The mitoses must be counted in an area of the highest mitotic activity. Mitosis_sentence_173

Visually identifying these areas, is difficult in tumors with very high mitotic activity. Mitosis_sentence_174

Also, the detection of atypical forms of mitosis can be used both as a diagnostic and prognostic marker. Mitosis_sentence_175

For example, lag-type mitosis (non-attached condensed chromatin in the area of the mitotic figure) indicates high risk human papillomavirus infection-related Cervical cancer. Mitosis_sentence_176


  • Mitosis_item_3_16

Related cell processes Mitosis_section_17

Cell rounding Mitosis_section_18

Main article: Mitotic cell rounding Mitosis_sentence_177

In animal tissue, most cells round up to a near-spherical shape during mitosis. Mitosis_sentence_178

In epithelia and epidermis, an efficient rounding process is correlated with proper mitotic spindle alignment and subsequent correct positioning of daughter cells. Mitosis_sentence_179

Moreover, researchers have found that if rounding is heavily suppressed it may result in spindle defects, primarily pole splitting and failure to efficiently capture chromosomes. Mitosis_sentence_180

Therefore, mitotic cell rounding is thought to play a protective role in ensuring accurate mitosis. Mitosis_sentence_181

Rounding forces are driven by reorganization of F-actin and myosin (actomyosin) into a contractile homogeneous cell cortex that 1) rigidifies the cell periphery and 2) facilitates generation of intracellular hydrostatic pressure (up to 10 fold higher than interphase). Mitosis_sentence_182

The generation of intracellular pressure is particularly critical under confinement, such as would be important in a tissue scenario, where outward forces must be produced to round up against surrounding cells and/or the extracellular matrix. Mitosis_sentence_183

Generation of pressure is dependent on formin-mediated F-actin nucleation and Rho kinase (ROCK)-mediated myosin II contraction, both of which are governed upstream by signaling pathways RhoA and ECT2 through the activity of Cdk1. Mitosis_sentence_184

Due to its importance in mitosis, the molecular components and dynamics of the mitotic actomyosin cortex is an area of active research. Mitosis_sentence_185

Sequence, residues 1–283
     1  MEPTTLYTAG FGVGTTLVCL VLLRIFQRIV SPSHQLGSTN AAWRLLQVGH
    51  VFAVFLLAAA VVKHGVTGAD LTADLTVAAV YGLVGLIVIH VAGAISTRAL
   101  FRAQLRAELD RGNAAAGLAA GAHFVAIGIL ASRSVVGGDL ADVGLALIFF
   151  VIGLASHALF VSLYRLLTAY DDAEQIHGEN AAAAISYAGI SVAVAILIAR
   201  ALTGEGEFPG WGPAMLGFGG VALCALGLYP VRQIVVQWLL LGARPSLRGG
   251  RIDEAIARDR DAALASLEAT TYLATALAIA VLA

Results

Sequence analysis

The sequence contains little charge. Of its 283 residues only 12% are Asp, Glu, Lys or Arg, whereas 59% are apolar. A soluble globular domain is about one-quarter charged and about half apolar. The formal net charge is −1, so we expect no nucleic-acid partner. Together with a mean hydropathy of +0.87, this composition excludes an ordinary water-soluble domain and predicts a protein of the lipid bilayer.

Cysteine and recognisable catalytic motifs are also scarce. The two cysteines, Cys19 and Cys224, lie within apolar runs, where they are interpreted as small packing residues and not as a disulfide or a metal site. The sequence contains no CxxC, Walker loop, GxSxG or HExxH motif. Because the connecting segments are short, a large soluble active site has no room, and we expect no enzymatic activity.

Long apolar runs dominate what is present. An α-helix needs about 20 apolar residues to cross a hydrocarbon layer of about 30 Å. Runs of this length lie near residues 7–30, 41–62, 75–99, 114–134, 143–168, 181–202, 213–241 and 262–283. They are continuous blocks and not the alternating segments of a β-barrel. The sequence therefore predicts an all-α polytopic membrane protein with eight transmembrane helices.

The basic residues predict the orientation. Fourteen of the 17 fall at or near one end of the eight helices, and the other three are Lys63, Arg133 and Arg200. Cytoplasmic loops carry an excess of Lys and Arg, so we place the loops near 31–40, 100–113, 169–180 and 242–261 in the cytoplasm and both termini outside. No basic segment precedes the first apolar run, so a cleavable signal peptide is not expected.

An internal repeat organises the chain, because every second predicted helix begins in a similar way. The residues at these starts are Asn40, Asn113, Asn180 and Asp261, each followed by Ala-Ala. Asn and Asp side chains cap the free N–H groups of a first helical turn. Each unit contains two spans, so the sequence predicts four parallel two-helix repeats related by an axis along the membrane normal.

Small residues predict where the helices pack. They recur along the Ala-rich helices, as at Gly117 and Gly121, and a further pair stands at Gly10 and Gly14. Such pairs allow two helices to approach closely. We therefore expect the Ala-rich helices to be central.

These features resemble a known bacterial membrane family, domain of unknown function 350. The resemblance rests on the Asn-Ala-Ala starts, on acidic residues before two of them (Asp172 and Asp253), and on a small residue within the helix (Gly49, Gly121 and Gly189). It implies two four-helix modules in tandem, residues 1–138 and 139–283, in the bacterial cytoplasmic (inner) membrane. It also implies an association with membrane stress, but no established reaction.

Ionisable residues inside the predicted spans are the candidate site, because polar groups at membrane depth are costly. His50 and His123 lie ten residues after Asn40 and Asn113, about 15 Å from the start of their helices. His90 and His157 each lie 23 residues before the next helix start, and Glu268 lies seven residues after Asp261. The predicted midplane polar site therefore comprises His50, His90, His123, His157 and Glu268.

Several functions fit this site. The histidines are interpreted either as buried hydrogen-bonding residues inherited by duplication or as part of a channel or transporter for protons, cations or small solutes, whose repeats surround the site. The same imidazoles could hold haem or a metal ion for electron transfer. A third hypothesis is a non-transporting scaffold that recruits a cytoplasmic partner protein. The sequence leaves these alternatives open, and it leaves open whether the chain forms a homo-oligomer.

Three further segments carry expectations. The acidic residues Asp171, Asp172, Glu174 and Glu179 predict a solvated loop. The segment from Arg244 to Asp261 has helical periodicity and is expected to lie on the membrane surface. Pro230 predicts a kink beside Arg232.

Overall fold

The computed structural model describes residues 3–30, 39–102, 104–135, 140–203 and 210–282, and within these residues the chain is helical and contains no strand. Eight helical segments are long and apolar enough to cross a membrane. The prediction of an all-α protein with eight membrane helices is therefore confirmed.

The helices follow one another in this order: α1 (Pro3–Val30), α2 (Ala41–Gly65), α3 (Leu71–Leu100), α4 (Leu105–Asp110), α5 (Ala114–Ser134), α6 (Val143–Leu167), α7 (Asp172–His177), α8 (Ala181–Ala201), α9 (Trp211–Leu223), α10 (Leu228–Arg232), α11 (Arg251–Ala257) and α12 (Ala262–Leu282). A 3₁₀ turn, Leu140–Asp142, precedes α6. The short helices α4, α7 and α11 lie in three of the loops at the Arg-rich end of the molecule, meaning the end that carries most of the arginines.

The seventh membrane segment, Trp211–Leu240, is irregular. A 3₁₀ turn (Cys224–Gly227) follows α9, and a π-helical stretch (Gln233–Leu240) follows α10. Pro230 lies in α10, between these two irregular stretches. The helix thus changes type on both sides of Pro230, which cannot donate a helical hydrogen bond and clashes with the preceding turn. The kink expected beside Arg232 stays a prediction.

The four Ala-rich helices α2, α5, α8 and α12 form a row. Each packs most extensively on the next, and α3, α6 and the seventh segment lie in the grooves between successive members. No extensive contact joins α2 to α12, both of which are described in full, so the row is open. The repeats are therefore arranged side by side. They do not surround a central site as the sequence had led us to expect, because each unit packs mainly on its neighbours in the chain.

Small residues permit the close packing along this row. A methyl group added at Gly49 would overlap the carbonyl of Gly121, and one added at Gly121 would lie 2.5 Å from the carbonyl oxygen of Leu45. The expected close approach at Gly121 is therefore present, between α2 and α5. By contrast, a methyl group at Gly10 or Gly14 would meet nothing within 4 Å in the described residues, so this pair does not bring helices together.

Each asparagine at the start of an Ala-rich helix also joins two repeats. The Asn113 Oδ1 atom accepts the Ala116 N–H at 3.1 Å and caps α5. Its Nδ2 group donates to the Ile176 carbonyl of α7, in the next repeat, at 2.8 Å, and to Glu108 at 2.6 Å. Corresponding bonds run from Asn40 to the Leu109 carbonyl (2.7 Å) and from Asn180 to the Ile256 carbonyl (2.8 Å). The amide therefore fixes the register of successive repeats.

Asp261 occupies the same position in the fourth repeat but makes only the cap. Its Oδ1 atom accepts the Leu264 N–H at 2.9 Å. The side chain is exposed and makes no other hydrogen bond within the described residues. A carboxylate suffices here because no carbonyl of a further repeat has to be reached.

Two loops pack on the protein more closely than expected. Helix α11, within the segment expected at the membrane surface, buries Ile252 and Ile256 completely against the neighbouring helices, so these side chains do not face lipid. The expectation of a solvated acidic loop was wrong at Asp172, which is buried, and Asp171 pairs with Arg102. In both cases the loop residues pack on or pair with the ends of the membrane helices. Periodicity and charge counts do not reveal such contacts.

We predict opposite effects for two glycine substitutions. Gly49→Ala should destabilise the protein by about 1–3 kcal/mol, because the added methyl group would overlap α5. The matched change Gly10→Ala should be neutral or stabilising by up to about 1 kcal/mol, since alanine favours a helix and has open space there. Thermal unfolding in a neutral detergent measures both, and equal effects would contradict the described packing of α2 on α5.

Mitotic recombination Mitosis_section_19

Mitotic cells irradiated with X-rays in the G1 phase of the cell cycle repair recombinogenic DNA damages primarily by recombination between homologous chromosomes. Mitosis_sentence_186

Mitotic cells irradiated in the G2 phase repair such damages preferentially by sister-chromatid recombination. Mitosis_sentence_187

Mutations in genes encoding enzymes employed in recombination cause cells to have increased sensitivity to being killed by a variety of DNA damaging agents. Mitosis_sentence_188

These findings suggest that mitotic recombination is an adaptation for repairing DNA damages including those that are potentially lethal. Mitosis_sentence_189

Evolution Mitosis_section_20

There are prokaryotic homologs of all the key molecules of eukaryotic mitosis (e.g., actins, tubulins). Mitosis_sentence_190

Being a universal eukaryotic property, mitosis probably arose at the base of the eukaryotic tree. Mitosis_sentence_191

As mitosis is less complex than meiosis, meiosis may have arisen after mitosis. Mitosis_sentence_192

However, sexual reproduction involving meiosis is also a primitive characteristic of eukaryotes. Mitosis_sentence_193

Thus meiosis and mitosis may both have evolved, in parallel, from ancestral prokaryotic processes. Mitosis_sentence_194

While in bacterial cell division, after duplication of DNA, two circular chromosomes are attached to a special region of the cell membrane, eukaryotic mitosis is usually characterized by the presence of many linear chromosomes, whose kinetochores attaches to the microtubules of the spindle. Mitosis_sentence_195

In relation to the forms of mitosis, closed intranuclear pleuromitosis seems to be the most primitive type, as it is more similar to bacterial division. Mitosis_sentence_196